20 years ago, a Super Bowl wardrobe malfunction changed more than Janet and Justin's careers

Janet Jackson at the 2004 Super Bowl
Janet Jackson at the 2004 Super Bowl
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In a collection of interviews published in 2005, British novelist and cultural commentator J.G. Ballard put forth a pithy new theory: “Sex times technology equals the future.” By then, his hypothesis had already been proven a thousand times over. It was the rabid demand for photos of Jennifer Lopez’s green Versace dress, for example, that led to the creation of Google Images in 2001. Three years later, Facebook was born from a similar notion. The list goes on. Ballard likely didn’t know that yet another major advancement was underway as he spoke: one that would forever change the nature of privacy and media as we know it.

20 years ago this month, Justin Timberlake exposed Janet Jackson’s breast live on television at the end of their Super Bowl halftime performance. If you weren’t one of the millions of people who watched the show that day or in the months and years that followed, here’s a quick refresher. At the end of her set, Jackson brought out Timberlake as a surprise guest to perform his song, “Rock Your Body.” While singing the final lyric (“Bet I’ll have you naked by the end of this song”), Timberlake accordingly tore off a piece of Jackson’s costume, revealing her bare breast. (Jackson was wearing a nipple pasty at the time.) The rip was intentional, but the amount of fabric that came off was not.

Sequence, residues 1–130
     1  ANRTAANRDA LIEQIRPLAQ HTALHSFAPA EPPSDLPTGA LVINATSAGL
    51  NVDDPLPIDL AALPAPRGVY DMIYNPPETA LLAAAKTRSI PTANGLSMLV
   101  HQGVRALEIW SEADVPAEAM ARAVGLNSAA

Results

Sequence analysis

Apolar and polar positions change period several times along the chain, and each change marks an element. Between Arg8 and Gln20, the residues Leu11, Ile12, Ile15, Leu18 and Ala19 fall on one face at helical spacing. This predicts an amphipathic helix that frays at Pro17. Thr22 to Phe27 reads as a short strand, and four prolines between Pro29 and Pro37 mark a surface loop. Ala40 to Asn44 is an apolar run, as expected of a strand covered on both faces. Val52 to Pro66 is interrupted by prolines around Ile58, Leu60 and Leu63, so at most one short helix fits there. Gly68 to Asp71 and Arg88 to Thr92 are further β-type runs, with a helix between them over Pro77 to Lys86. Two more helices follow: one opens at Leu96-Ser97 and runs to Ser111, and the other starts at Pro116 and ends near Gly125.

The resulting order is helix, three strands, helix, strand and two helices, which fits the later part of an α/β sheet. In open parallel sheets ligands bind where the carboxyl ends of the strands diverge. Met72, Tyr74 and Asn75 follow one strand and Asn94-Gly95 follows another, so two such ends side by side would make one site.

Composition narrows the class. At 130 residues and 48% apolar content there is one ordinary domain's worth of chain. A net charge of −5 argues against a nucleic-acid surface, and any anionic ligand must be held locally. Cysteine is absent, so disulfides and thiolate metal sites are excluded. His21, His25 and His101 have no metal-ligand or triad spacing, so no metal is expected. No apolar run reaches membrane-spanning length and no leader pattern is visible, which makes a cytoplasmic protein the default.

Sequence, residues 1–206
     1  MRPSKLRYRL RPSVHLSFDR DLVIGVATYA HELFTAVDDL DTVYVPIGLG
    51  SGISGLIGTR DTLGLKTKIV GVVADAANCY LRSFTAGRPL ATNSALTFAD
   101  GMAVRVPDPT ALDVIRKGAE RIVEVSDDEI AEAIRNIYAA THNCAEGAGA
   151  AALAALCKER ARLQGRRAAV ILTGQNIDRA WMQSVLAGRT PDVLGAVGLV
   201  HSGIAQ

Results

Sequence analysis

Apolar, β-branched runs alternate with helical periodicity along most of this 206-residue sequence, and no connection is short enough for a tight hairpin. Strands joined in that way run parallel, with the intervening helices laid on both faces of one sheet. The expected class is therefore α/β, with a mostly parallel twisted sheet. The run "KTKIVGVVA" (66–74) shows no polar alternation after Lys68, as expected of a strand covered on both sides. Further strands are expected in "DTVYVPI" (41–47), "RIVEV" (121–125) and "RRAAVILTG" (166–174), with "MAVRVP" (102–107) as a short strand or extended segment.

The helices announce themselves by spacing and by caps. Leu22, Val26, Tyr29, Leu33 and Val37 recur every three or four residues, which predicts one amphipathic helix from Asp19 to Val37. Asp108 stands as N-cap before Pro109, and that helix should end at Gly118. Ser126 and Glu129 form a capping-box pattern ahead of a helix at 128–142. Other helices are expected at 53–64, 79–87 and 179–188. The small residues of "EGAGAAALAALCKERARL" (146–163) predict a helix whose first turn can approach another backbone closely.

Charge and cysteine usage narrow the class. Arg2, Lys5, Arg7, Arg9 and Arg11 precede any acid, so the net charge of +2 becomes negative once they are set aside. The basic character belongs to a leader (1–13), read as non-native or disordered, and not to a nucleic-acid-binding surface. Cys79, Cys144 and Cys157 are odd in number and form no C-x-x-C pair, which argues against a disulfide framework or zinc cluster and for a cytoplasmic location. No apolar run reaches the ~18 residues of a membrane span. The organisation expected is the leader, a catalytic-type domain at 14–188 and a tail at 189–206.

It was an incident that indelibly altered the course of both artist’s careers: Jackson in the immediate aftermath, as she was effectively blacklisted from the industry as a result of those few seconds, and Timberlake in the long term, as his inaction in the face of Jackson’s massively outsized punishment continues to cast a long shadow over his work even two decades on. That aspect of the so-called “wardrobe malfunction” has been litigated and re-litigated time and time again. But the whole thing also led to a lesser acknowledged, but no less earth-shaking consequence: without “Nipplegate,” YouTube may have never been invented.

Opening the door for YouTube

Despite then-FCC chairman Michael Powell’s insistence that the incident led to “thousands” of complaints from an “outrage(d)” American public the next morning, the truth of the matter is that people really wanted to see Janet Jackson’s breast. A few days after the incident, then-fledgling brand TiVo reported that those few seconds were the service’s most rewatched moment of all time, causing a 180 percent spike in viewership as people realized they could actually rewind and replay the blink-and-you’ll-miss-it frame. One of those users may have even been Powell, who made a whole lot of noise about the situation for someone who was supposedly so disgusted by it. He had previously referred to TiVo as “god’s machine,” so he was clearly taken by the technology as a whole.